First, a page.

What do you think of when you hear of Taylor Swift? Maybe you remember her younger days with majestic long, curly blonde hair lamenting about unrequited romance while shedding “Teardrops on My Guitar”. Or maybe you think of her more recent work like the techno-pop masterpiece that is her album 1989 or her angsty no-holds-barred Reputation era. Regardless of how you perceive her style or how much you may know about her, Taylor Swift continuously smashes fan expectations with her notorious Easter eggs and shrewd business tactics. In the wake of the devastating sale of her back catalogue to Scooter Braun by her previous record label Big Machine Records, Taylor has taken matters into her own hands. Her latest album Lover, fresh out of the studio, is the first one that she will own. And until she can re-record her entire back catalogue in 2020 rendering Scooter’s masters useless, she even sprinkled in familiar melodies into Lover which fans have picked up on and discussed at length throughout social media.
She’s been through a lot, but she’s stronger now. And according to Taylor’s Instagram post, Lover is “very much a celebration of love, in all its complexity, coziness, and chaos”. Without further ado, let’s dive into this celebration track-by-track:
1. I Forgot That You Existed
This sassy track is equal parts bubblegum pop and jubilant emancipation. Singing about finally feeling free from an unrequited crush, Taylor proclaims “It isn’t love, it isn’t hate, it’s just indifference”. One of the more stripped-down tracks on the record, this song is really characterized by a quiet staccato guitar in the background layered against bass-range wind instruments punching on beats 1 and 3. Her giddy schoolgirl giggles and sarcastic ad-lib at the end really drive this message home, and it all makes for a great album opener. I myself can admit that when I first heard this song, I started actually cackling at how clever this is – but in my case, how much I related to that feeling of trying desperately to get over someone. And in this small way, Taylor reminded me that it’s really okay to forget the people that just don’t give you a return on your emotional investments (“I thought that it would kill me but it didn’t”). In fact, it’s more than okay – it’s actually pretty damn great.
2. Cruel Summer
“What doesn’t kill me makes me want you more.” As a thematic continuation from “I Forgot That You Existed”, Taylor reminds listeners that it’s okay to let a person go, but it still can be filled with a lot of complicated emotions. Populated with a synthesizer holding down the beat, this largely electric track really comes alive at the bridge section, which I think is where the real magic happens. Borrowing the vibe and almost rap-like melody of “Getaway Car” from Reputation, the bridge proclaims “I’m drunk in the back of the car / And I cried like a baby coming home from the bar / Said ‘I’m ﬁne’ but it wasn’t true / I don’t want to keep secrets / Just to keep you”. I literally cannot help but head bang along to this bridge because it’s just so slick, you probably know the feeling. The drum beat is also just about identical to that of the one in “Getaway Car”. This song feels like summer, with its techno-laced brightness meant to be blasted out the car windows at the beach and paired with a moment of raspy vocals at the end of the bridge section. The mentions of the color blue contrast thematically with Red, her 2012 release where Taylor explored what she thought was true love at the time. But of course, people grow up, things change, and even though it can be gritty and complicated, Taylor may have found it in just a different hue than expected.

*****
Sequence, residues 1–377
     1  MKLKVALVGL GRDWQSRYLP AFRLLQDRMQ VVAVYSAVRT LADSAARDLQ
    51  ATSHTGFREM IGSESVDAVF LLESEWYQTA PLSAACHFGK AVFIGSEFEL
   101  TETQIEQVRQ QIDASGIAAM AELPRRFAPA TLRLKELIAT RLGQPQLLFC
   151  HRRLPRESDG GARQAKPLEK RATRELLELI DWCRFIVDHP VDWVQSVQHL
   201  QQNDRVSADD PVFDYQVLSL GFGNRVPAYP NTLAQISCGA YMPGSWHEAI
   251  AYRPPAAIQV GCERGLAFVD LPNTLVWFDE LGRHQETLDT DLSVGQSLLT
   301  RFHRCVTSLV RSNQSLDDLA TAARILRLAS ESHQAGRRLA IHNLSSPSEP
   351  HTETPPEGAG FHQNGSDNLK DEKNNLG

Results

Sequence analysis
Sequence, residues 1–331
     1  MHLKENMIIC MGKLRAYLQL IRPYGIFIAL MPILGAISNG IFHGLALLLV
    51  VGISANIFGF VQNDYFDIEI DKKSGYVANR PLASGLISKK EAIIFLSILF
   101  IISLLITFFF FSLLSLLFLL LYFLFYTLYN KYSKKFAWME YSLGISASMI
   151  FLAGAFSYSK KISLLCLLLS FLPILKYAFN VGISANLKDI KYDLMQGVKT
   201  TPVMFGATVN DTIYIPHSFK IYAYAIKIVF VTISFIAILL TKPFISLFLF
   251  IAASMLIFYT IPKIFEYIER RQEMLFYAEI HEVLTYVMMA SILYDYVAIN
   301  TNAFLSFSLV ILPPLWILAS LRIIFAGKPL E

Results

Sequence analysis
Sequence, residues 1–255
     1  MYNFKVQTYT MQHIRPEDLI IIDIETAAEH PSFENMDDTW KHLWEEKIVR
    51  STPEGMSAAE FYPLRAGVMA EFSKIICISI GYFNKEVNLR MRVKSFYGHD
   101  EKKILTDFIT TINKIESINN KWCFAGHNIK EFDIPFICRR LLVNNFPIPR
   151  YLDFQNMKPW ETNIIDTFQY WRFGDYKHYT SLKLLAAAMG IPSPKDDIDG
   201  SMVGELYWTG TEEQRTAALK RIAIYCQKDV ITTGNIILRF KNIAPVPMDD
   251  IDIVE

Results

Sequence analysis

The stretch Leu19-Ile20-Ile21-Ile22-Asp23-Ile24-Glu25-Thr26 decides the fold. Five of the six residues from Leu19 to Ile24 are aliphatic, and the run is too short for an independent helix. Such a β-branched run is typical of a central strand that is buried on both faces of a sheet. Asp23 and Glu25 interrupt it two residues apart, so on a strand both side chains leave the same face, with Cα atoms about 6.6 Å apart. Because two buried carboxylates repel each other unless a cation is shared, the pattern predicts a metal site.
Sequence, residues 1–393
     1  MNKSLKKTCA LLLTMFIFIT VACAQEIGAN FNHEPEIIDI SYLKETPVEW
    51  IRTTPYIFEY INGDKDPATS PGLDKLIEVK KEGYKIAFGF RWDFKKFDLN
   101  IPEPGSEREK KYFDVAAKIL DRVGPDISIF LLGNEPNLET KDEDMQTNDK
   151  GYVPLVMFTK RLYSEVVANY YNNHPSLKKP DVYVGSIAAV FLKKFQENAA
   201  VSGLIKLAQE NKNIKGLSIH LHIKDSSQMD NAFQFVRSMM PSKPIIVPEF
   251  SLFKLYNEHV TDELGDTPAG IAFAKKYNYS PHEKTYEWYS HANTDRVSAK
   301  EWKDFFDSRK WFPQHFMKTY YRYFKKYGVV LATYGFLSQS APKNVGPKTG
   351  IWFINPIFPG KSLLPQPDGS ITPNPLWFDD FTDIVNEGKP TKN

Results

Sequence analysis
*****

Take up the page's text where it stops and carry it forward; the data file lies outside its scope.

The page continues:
The title track, true to its name, is one of the most intimate on the record. A chill drum beat pairs nicely with decadent swelling piano chords. In this one, Taylor explores that love that she has allegedly finally found, with lyrics like: “Can I go where you go? / Can we always be this close forever and ever?”. Also, fans have speculated that the repeated “My my my’s” mirror the early track on Taylor’s self-titled 2006 childhood puppy love release “Mary’s Song (Oh My My My)”, which is one of the biggest clues that she very well may be engaged (or even possibly married) to current beau Joe Alwyn, in addition to the vow-like bridge of this newer song. A central theme of this album is joining together her past childhood with her present, so as this nostalgia plays front row, Taylor reminds listeners not only who she is now, but where she came from. Watch the official concept video for this song here: https://www.youtube.com/watch?v=-BjZmE2gtdo&feature=youtu.be
4. The Man
Very likely the most blatantly feminist anthem on the album, “The Man” makes some interesting points about gender bias in society and how unfair it is for the pay gap and other double-standards to be such hallmarks of our world. A not-so-subtle nod to her notorious dating record, Taylor muses “They’d say I played the ﬁeld before I found someone to commit to / And that would be ok /For me to do/ Every conquest I had made would make me more of a boss to you”. This song challenges these problematic perspectives against a poppy beat that is every bit as joyful and danceable as anything else, even if the message is actually quite serious. It may even be fair to say that this song is an updated version of Beyoncé’s “If I Were a Boy”. The bridge breakdown gets especially saucy but drives home that point pretty well, I’d say: “What’s it like to brag about / Raking in dollars and getting bitches and models / And it’s all good if you’re bad / And it’s okay if you’re mad / If I was out ﬂashing my dollars / I’d be a bitch, not a baller”. Well said, Tswift. Well said. And I think you just wrote the next biggest girl-power anthem to grace our ears.
5. The Archer
Another stripped-down track featuring Taylor’s breathy vocals with lots of dramatic reverb. This song is more introspective than anything else, and features the very mature perspective of feeling both sides of an argument: “Who could ever leave me darling / Who could stay?” The pounding beat remains constant in this song, but it’s not at all socially irritating the way it can be sometimes. Rather, it’s pretty symbolic of finding that one person who can weather the storms with you no matter how rough things get. The opening and losing line of “Combat, I’m ready for combat” also harkens back to one of her early unreleased tracks “Battle” (which I would heartily recommend listening to).